In The Beekeeper's Apprentice, Laurie R. King came up with a completely original story that had Sherlock Holmes as one of its principal characters but was in no way part of the Holmes canon. The focus of that book was a young woman, Mary Russell. Now in A Monstrous Regiment of Women, Mary Russell's adventures as a student of the famous detective continue. A series of murders claims members of a strange suffrage organization's wealthy young female volunteers, and Mary, with Holmes in the background, investigates, little knowing what danger she personally faces.
Laurie R. King is also the author of the Edgar Award-winning novel A Grave Talent.--This text refers to an out of print or unavailable edition of this title.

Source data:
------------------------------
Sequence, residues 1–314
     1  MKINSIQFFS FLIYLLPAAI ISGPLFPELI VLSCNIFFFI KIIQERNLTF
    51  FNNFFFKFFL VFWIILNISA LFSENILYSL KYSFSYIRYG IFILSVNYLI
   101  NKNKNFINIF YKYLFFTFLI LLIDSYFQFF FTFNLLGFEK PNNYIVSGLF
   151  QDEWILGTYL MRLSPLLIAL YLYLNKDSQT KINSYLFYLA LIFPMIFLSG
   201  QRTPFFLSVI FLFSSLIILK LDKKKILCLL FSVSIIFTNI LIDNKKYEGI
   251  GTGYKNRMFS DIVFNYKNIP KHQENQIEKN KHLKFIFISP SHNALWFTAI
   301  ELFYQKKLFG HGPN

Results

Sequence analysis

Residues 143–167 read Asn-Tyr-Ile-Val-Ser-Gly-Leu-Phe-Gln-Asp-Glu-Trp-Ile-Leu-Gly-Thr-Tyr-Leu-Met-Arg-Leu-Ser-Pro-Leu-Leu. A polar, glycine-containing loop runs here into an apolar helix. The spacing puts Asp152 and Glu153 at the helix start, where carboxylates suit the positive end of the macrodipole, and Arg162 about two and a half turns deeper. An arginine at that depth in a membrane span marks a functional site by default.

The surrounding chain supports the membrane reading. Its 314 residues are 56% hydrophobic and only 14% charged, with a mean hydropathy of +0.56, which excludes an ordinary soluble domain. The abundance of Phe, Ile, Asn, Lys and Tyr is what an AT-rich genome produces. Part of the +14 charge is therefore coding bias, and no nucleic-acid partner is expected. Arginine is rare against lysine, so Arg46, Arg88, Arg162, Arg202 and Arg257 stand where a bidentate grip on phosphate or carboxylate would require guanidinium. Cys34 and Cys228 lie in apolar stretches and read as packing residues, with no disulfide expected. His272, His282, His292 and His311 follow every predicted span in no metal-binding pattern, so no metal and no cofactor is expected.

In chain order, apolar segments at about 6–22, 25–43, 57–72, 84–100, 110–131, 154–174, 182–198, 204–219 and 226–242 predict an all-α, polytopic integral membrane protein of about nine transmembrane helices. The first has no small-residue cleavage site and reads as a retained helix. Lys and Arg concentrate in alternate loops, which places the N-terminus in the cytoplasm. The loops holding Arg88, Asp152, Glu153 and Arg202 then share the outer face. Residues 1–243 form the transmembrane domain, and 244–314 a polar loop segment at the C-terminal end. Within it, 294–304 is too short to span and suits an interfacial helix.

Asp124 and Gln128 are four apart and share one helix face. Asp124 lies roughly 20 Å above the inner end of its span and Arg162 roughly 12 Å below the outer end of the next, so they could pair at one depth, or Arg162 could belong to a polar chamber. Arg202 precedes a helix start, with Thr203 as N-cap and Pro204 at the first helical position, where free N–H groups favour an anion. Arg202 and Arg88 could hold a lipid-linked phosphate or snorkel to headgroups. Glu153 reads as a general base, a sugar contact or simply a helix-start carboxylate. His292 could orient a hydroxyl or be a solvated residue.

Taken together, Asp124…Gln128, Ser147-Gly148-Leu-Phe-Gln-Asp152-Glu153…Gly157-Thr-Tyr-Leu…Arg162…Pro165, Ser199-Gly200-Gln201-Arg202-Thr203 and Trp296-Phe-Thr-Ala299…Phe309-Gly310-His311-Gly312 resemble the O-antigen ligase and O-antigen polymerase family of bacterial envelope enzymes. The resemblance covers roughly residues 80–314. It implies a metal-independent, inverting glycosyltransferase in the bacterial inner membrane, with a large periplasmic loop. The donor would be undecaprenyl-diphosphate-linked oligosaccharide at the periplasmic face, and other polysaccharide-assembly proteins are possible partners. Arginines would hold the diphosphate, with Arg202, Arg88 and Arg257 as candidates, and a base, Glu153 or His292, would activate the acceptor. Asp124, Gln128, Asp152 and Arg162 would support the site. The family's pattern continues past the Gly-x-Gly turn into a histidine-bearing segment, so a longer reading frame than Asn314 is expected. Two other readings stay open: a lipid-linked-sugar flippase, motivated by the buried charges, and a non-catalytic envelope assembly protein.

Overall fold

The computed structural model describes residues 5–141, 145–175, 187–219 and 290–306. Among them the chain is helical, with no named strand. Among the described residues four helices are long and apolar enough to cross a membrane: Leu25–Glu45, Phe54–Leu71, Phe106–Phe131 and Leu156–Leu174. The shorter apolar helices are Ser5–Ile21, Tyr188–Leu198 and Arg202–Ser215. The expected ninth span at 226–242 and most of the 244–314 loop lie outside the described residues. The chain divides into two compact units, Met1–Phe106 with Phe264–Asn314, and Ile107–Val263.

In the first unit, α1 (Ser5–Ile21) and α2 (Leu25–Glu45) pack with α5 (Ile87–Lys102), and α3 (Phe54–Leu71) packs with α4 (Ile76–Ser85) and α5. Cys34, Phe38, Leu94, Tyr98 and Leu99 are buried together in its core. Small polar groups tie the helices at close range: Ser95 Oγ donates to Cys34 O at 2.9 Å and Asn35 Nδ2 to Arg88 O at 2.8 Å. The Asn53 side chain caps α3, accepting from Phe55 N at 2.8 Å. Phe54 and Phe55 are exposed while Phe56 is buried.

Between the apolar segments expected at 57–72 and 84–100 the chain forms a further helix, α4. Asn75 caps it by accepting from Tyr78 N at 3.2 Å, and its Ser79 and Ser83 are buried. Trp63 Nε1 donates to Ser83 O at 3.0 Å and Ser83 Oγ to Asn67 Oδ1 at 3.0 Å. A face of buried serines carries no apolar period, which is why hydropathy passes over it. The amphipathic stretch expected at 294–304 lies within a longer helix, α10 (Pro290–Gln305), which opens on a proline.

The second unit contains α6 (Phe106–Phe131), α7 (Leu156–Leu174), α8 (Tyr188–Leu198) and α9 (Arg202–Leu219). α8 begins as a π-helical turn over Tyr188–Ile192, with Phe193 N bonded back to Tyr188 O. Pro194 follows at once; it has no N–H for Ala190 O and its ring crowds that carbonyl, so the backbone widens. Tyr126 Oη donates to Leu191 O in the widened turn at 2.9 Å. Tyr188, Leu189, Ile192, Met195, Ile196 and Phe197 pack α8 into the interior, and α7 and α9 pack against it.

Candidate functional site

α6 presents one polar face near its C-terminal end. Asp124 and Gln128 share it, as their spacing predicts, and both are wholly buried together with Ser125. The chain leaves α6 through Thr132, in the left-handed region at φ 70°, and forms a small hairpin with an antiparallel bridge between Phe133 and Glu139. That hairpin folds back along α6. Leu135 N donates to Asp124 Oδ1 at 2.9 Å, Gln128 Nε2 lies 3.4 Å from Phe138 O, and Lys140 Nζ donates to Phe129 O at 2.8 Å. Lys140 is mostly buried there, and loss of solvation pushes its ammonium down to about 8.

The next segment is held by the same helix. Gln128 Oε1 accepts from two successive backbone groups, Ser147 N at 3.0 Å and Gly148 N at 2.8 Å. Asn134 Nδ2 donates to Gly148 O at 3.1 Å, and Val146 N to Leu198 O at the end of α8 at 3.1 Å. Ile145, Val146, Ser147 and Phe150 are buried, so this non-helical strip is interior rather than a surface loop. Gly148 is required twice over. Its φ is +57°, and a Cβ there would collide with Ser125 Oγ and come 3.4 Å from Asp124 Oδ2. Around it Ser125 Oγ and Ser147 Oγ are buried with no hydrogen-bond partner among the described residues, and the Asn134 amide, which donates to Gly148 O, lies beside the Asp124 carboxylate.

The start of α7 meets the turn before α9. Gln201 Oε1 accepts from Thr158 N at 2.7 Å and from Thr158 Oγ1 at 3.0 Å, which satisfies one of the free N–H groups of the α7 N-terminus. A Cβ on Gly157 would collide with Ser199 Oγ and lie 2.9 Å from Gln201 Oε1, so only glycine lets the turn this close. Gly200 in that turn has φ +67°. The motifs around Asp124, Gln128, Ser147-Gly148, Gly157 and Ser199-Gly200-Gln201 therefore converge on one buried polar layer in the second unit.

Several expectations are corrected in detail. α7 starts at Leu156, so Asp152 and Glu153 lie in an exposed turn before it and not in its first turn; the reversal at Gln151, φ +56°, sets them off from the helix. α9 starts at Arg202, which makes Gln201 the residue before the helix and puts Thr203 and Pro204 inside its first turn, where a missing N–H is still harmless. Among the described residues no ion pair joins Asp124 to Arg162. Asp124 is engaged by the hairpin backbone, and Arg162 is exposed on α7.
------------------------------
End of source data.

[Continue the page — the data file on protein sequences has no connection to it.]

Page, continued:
0 of 2 people found the following review helpful: solid followup to the beekeeper's apprentice, August 30, 2003 Reviewer: audrey_the_librarian from boston, ma united states It is 1921, England is still adjusting to life after World War I, and in her second outing from the pen of talented writer Laurie King, Mary Russell has moved on to studies at Oxford. Her relationship with Holmes is necessarily changing, and a renewed friendship has involved her in a women's organization with a charismatic and mysterious leader. Mary is intrigued. So are we. Author King writes with a sure and steady hand, weaving interesting historical detail effortlessly into a fine tale. More importantly, she writes Sherlock Holmes exceedingly fine. Conversations between the two are the highlights of the book, which suffers only from too little Holmes. Mary Russell is an admirable heroine, and I look forward to reading her further adventures, but she truly sparkles in dialogue with her mentor. Not just for romantic Holmes-loving bluestockings! Great series.